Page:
Last year, in preparation to become a legislator, I asked Sen. Slade Gorton for a reading list. It consisted of one book, at the time still in manuscript: Politics of the Possible: The Decade our American Democracy Worked, by Mary Ellen McCaffree and Anne McNamee Corbett (Island Penworks, 2011, 443 pages). There is much in the book about State Rep. Gorton, as well as State Rep. and then Gov. Dan Evans, and House Speakers John L. O’Brien and Bill Day and Don Eldridge. It is most of all the story of Mary Ellen McCaffree, a good lady who represented Seattle in the State House from 1963 to 1970.
The book is extraordinary. It is not just the history of an institution during an eventful period. It is the best reader a citizen could find on how a legislature works. It is a day-by-day account of lawmaking — on the floor, in the caucus room, in committee, at late-session-late-night gatherings off campus, back in the district. Its content is well-lived and well-documented, the beautiful record of a grand process. Its message is as American as they come: citizens can make a difference.
McCaffree herself came to politics during the League of Women Voters movement to require periodic legislative redistricting. When she arrived in Olympia in 1962, she became part of the state’s first redistricting project. And on her first day as a legislator, a remarkable coalition of minority Republicans and dissident Democrats ousted the Speaker of the House John O’Brien in favor of moderate Democrat Bill Day.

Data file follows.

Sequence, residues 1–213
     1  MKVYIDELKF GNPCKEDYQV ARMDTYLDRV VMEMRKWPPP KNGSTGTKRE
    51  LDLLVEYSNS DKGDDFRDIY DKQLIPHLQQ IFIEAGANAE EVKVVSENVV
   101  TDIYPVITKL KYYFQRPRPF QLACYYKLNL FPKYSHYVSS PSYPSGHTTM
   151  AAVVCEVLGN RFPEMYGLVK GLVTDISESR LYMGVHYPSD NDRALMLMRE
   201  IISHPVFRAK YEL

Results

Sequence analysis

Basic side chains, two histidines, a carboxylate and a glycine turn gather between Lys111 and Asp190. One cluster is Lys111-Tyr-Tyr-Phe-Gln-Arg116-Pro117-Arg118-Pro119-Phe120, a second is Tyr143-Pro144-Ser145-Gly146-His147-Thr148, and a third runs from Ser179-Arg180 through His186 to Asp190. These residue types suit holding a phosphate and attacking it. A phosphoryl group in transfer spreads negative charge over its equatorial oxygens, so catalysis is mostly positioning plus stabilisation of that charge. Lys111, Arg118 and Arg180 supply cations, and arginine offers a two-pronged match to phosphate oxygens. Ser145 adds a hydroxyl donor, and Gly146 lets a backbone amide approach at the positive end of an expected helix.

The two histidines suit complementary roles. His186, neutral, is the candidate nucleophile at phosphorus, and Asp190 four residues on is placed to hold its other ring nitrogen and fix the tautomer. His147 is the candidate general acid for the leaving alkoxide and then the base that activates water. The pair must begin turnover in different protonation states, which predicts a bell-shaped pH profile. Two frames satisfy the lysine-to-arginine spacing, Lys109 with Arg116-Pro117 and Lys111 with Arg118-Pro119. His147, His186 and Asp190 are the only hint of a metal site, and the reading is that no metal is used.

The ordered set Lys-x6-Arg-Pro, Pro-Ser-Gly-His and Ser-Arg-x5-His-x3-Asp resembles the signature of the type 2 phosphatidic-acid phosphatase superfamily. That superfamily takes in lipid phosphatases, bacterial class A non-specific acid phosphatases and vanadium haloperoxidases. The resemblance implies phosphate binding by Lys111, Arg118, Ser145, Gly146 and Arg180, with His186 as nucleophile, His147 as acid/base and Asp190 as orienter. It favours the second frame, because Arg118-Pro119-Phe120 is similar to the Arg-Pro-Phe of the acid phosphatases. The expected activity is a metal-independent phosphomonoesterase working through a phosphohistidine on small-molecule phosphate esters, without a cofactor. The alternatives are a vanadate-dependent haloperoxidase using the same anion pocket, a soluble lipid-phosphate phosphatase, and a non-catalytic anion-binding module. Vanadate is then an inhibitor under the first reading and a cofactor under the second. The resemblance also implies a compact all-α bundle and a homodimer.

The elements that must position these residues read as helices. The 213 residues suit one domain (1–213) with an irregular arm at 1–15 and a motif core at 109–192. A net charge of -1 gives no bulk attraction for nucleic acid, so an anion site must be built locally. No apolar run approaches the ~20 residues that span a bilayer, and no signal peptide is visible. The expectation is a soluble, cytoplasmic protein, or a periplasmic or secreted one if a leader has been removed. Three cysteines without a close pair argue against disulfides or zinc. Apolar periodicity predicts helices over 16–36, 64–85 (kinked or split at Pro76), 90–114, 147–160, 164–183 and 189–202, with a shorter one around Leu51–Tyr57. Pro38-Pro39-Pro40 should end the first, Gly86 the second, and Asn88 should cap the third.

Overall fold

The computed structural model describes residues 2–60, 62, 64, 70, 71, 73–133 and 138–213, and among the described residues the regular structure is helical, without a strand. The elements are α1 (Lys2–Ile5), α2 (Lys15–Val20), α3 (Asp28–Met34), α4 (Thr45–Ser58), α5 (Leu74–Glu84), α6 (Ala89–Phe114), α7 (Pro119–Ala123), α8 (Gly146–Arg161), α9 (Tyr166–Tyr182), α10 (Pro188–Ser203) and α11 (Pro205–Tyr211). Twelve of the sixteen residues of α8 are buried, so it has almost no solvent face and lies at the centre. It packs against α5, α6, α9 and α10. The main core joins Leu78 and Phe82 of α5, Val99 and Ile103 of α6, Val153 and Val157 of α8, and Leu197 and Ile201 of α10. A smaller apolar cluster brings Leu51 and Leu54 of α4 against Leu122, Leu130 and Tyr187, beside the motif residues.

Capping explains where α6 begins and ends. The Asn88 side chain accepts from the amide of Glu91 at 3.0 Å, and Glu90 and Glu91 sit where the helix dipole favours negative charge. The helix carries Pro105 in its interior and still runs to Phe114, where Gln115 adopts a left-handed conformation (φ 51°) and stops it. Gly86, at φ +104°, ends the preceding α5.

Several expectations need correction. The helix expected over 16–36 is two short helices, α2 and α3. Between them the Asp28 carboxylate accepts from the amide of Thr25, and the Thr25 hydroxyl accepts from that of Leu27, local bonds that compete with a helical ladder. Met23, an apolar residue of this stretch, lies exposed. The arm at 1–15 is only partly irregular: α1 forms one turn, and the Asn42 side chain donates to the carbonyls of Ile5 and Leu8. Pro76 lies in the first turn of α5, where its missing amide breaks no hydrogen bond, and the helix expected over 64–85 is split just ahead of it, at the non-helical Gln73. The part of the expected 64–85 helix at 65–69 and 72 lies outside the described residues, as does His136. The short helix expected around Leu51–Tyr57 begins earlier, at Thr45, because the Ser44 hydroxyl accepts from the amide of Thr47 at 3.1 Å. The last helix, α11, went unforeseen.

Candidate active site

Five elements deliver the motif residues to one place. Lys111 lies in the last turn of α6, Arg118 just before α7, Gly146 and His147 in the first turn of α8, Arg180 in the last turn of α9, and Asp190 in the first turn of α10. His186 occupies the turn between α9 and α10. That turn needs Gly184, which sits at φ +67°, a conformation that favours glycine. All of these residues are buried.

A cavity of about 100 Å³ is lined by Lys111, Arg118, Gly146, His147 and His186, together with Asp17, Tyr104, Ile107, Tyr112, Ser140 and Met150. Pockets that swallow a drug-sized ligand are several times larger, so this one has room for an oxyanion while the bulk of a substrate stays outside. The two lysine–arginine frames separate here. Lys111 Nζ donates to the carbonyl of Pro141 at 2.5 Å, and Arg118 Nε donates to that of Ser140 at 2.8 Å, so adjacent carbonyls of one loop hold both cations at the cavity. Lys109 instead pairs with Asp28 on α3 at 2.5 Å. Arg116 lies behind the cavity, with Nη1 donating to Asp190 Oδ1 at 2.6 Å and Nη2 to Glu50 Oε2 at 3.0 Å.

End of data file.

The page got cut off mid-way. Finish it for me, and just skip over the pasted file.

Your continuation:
In four terms, McCaffree became one of the most accomplished legislators in Washington state history. As chair of the House Revenue and Taxation Committee, she led the legislative fight for Gov. Evans’s tax reforms. She championed the right of 18-year-olds to vote, helped to establish Washington’s community college system, and pushed for important clean air and water policies. Following McCaffree’s legislative service, she directed the state Department of Revenue and led the King County budget office.
Politics of the Possible is a record of achievement. More importantly, it is a documentary of coalition-building, reform, and public leadership in Washington state. “Legislating is not a solitary activity, nor is it a task for a maverick,” McCaffree writes. “It requires teamwork, skill in the art of compromise, an ability to listen.”
There are plenty of politicians who have written books about their opinions on the issues of the day, and plenty of academics who have written books about theories and institutions, but few politicians or academics who adequately explain what government does and why it matters.
Politicians ought to take their own capacity to teach politics more seriously, because they are best acquainted with the array of tensions, complexities, decision points, rhetorical tools, myths, interests, personalities and all-important relationships that make politics. Precisely because all these political components are so consuming, many politicians fail to look beyond their immediate duties to consider the importance of relating their work to the next generation.
In Politics of the Possible, McCaffree has done something all too rare: the politician has become a teacher. She does this with mighty insight. To the young person (or a person of any age) pondering how she or he might make a difference in public life, McCaffree’s book is a good place to start.
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